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Thursday, July 30, 2009

Review of Mrs. Somebody Somebody by Tracy Winn

Review of Mrs. Somebody Somebody by Tracy Winn, Southern Methodist University Press, 2009.

By Jessica DeVoe Riley

Mrs. Somebody Somebody is a collection of short stories set in Lowell, Massachusetts, a town that was founded on the banks of the Merrimack River and made a name for itself as a mill town during the post-WWII era. Through the course of Mrs. Somebody Somebody’s nine stories, readers and characters alike witness the changing landscape of the city: the mills close down and give way to condos and malls, the working class comprised of Greek, Irish, and Polish immigrants moves up and a new, Latino immigrant working class takes their place, women and men clash over gender and equality, and people grow and some die – yet through it all, the Merrimack River flows strong alongside the Mile of Mills standing firm with its line of smokestacks, even long after smoke no longer rises from them.

The first story - the title story - sets the stage for the book. Readers meet Stella, an employee of Hub Hosiery Mill, who hopes her pretty face will help her achieve her dreams of being a bride, being a Mrs. Somebody Somebody. For Stella, being a bride means having an identity that sets her apart from everyone else, a goal not so different from others who flocked to her thriving mill town. Stella makes appearances throughout the other stories, enabling readers to experience the exact ‘somebody’ she becomes in their eyes, suggesting that goals can often be achieved, even if not in the manner intended.

Stella is only one of the characters who appears and reappears throughout the tales. Winn incorporates references throughout all of her stories to pivotal characters of single stories, giving readers the feel of what it might have been like to work in Lowell. Just as Stella in "Mrs. Somebody Somebody" knows nothing of Lucy at the beginning of the tale, then learns much more as the story progresses, so readers know nothing about the people of Lowell at the start of the book, then learn much more about them, both through their eyes and the eyes of others. The most prominently featured main characters are the Burroughs family, the descendants of the founder of Hub Mills, a family reminiscent of J.D. Salinger’s Glass family. After meeting the son of the founder in the first story, readers go on to read about the founder’s grandson, Charlie, Charlie’s wife, and their children, who all fall further and further away from their old money class with each riveting tale.

An important aspect of Winn’s stories is the focus on loyalty. While her stories span various lives and the changing landscape of Lowell, her characters prize loyalty above all else -- loyalty to one’s job, one’s country, one’s family, one’s home, and one’s identity. And when there is a rejection of loyalty, for better or worse, the decision is hard wrought and with consequences, as Helen hauntingly learns in "Copper Leaves Waiting:" “the house, like a map of her growing up, went wherever she looked.”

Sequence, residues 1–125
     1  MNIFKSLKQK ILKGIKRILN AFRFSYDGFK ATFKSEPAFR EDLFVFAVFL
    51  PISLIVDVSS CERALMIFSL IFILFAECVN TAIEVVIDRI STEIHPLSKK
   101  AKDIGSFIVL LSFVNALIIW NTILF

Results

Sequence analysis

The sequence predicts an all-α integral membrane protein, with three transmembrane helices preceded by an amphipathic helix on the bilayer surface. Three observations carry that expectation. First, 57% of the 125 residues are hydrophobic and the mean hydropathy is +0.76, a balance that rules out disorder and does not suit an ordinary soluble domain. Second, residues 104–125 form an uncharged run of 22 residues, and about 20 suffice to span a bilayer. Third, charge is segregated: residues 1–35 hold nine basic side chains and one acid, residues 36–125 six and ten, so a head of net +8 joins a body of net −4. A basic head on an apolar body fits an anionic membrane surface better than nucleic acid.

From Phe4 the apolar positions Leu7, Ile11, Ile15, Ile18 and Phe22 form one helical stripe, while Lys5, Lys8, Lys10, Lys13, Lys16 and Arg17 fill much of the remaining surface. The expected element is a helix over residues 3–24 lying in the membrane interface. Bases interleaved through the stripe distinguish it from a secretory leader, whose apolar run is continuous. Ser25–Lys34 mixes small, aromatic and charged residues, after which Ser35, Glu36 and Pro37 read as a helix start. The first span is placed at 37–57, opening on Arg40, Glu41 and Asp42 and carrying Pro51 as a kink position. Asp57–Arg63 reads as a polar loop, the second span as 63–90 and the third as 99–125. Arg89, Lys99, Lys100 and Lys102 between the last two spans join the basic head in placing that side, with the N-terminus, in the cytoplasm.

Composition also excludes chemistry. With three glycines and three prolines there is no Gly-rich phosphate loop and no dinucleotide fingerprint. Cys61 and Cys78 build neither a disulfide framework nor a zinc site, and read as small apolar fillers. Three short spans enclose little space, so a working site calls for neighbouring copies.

The Merrimack River is the physical counterpart to loyalty, a constant in ever-changing Lowell. Every person who looks to it sees, hears, smells, and feels something different – something tangible, something inescapable, something beautiful, or as Kaylene suggests in "Another Way to Make Cleopatra Cry," a force that can move time: “Maybe [my life] would be like a river, the Merrimack, winding around… and what happened from there would stretch out differently, get right, as we rolled forward.”

Mrs. Somebody Somebody is a treat for any reader who appreciates a well incorporated city setting. Lowell, Massachusetts is a character unto itself, simultaneously moving the characters along their life paths and changing its cityscape based on the choices of its characters. These characters on their different walks of life – upper and lower class, immigrants, blue collar, union boosters – congregate to tell the story of the life cycle of the American city, from the moment a town makes a name for itself on a map through the downfall of its industry and then on to the emergence of a new, conflicted identity that tries to retain the spirit of its old roots despite no longer having any real connection to them. Highly recommended.

Tracy Winn, who earned her MFA from the Warren Wilson Program for Writers, is the recipient of grants from the Massachusetts Cultural Council, the Barbara Deming Memorial Trust, and the Arch and Bruce Brown Foundation, and fellowships from the MacDowell Colony and the Millay Colony. Her short stories have appeared in journals such as the Alaska Quarterly Review, The New Orleans Review, and Hayden’s Ferry Review. She lives near Boston, Massachusetts, with her husband and daughter, and works with Gaining Ground, an organic farm for hunger relief. Mrs. Somebody Somebody is her debut collection of stories. Check out her website here.

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